Wednesday, August 29, 2012

Adventures in the book trade #2

Laurence Fearnley, one of my favourite novelists, is on tour to Wellington and Palmerston North. I’m not sure of the format but both evenings involve her giving a reading and the audience hoovering up “drinks and nibbles”. Laurence lives in Dunedin so is rarely sighted in the North Island – she is the real deal so don’t miss her if you can get to either event.

Of her eight novels, the second, Room, was shortlisted for the Montana NZ Book Awards in 2001 and Edwin and Matilda, the sixth, was runner-up in the 2008 Montana Book Awards. The eighth, The Hut Builder, won the fiction category at the 2011 NZ Post Book Awards. No prizes for the third, Delphine’s Run, or the fourth, Butler’s Ringlet, but they are both astonishingly good. As with Lloyd Jones, each novel is quite unlike its predecessors – you never know what to expect, other than something wonderful.

The Wellington event is on Thursday 13 September at 6pm in the Theatre Laboratory (Wallace Street, Entrance A) of Massey University. The Palmerston North event is at 6.30pm on Friday 14 September at Palmerston North City Library.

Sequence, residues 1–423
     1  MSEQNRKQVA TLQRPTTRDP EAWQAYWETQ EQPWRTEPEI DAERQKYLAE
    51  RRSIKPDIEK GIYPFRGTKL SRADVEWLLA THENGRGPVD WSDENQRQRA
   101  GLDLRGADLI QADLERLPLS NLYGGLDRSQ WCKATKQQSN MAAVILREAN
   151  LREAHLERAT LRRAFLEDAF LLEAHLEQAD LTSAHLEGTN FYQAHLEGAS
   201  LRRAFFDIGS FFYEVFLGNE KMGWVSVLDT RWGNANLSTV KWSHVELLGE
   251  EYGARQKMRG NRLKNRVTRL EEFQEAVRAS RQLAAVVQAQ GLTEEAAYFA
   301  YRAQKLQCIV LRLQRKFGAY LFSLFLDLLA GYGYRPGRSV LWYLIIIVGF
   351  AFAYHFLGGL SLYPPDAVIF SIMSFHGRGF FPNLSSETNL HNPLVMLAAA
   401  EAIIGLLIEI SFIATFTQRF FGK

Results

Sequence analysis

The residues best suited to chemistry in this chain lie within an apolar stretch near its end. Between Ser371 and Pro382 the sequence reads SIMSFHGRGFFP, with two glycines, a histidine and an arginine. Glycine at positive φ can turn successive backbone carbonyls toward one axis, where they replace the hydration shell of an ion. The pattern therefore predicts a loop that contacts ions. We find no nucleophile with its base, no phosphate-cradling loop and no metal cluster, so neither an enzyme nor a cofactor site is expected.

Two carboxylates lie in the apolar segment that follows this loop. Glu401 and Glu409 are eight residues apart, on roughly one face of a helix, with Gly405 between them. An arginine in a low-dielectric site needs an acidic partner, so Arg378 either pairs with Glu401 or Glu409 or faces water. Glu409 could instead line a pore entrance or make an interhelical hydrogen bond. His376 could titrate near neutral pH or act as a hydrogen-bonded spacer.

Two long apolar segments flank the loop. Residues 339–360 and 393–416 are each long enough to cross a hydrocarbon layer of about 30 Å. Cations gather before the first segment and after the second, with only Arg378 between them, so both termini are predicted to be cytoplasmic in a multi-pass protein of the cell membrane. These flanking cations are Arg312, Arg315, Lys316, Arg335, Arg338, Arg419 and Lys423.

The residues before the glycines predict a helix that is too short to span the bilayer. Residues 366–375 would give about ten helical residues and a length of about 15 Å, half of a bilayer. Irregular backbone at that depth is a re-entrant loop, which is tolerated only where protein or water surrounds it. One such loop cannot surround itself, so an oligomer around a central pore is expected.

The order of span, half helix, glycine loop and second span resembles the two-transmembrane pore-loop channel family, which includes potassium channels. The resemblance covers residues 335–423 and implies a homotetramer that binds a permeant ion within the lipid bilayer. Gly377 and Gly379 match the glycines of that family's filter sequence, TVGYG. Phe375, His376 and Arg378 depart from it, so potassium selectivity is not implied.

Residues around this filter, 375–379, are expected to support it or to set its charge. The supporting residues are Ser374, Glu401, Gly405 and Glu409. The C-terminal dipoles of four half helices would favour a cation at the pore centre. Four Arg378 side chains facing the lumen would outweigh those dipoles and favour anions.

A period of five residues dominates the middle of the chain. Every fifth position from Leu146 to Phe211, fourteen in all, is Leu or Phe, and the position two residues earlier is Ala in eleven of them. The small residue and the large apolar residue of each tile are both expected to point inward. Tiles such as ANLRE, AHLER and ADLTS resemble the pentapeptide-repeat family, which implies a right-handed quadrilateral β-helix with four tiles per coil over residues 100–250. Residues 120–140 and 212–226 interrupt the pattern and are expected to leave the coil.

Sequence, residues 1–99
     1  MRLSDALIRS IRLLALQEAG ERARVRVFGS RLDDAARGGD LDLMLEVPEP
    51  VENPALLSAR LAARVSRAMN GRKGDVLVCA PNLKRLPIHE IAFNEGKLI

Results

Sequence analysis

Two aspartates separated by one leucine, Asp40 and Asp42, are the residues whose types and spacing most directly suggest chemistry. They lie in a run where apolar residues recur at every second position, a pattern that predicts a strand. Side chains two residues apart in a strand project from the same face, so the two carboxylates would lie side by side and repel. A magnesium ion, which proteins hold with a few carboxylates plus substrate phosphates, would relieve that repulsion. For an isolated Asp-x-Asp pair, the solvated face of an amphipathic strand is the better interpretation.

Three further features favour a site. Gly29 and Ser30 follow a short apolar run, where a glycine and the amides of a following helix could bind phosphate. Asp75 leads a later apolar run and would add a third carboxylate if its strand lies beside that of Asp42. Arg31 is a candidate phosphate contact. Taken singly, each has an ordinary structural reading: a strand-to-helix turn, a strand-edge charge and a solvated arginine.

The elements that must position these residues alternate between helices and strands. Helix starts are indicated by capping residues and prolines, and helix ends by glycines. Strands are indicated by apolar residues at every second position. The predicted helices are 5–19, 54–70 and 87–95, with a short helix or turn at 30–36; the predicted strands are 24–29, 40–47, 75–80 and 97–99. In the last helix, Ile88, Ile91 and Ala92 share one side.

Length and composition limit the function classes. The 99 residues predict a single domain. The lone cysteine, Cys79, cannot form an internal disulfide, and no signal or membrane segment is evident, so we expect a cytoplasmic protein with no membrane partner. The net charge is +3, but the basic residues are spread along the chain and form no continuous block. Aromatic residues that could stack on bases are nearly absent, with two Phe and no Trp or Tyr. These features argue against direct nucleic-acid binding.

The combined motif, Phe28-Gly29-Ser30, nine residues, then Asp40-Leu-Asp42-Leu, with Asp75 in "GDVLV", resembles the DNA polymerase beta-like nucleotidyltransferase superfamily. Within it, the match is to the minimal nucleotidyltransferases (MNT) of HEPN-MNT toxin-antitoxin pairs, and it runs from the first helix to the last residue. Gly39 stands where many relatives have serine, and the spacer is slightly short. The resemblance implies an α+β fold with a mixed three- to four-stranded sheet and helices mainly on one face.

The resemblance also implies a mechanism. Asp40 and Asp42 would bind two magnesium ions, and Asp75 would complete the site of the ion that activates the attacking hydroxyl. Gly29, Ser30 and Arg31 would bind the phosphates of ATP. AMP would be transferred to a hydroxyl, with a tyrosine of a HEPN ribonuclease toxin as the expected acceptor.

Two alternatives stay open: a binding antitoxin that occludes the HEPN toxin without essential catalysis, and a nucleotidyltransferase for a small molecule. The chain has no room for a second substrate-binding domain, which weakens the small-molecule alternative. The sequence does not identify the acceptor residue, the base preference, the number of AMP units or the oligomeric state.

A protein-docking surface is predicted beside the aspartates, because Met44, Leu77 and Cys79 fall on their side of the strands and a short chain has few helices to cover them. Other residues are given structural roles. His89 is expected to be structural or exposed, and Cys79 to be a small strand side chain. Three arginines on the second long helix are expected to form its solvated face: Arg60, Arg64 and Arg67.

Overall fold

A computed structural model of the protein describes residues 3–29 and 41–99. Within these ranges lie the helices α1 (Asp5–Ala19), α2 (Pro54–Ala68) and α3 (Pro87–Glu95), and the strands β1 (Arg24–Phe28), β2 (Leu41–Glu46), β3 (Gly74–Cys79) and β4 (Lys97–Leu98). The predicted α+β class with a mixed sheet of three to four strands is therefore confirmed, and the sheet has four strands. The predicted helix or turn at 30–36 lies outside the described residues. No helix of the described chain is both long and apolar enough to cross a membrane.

Next week, on  Thursday 6 September, the Copyright Licensing awards will be announced. Two writers, chosen from 72 applicants, will each receive $35,000 for a non-fiction project.
The five finalists for 2012 are:
David  Veart: Hello Boys and Girls
Geoff  Chapple: Terrain: North Island
Hazel Petrie:  Into the Darkness
Michael  Corballis: The Wandering Mind
Vincent O’Malley: The Waikato War 1863-64

The awards are funded by CLNZ’s Culture Fund. Two research grants of $3500 will also be awarded: the winners have already been announced and are Kelly Ana Morey for a literary novella about Phar Lap and David McGill for a biographical exploration of his great-grandfather who became the mayor of Auckland.

CLNZ says that last year’s winners of the $35,000 awards are well underway with their projects. Malcolm McKinnon reports that his The 1930s Depression in New Zealand is progressing as planned and should be published sometime in 2013. Melissa Williams’ Te Rarawa in the City: Maori urban migrations from North Hokianga to Auckland, 1930-1970 is “going very well” , she says, though “community consultation has been a little more time consuming than I expected”. No surprise there.

Since the first award winners were announced in 2001, nine books have been published and three more are well on the way, among them Steve Braunias’s New Zealand: The Biography which is due in bookshops any day now. Let’s hope his novel follows soon after.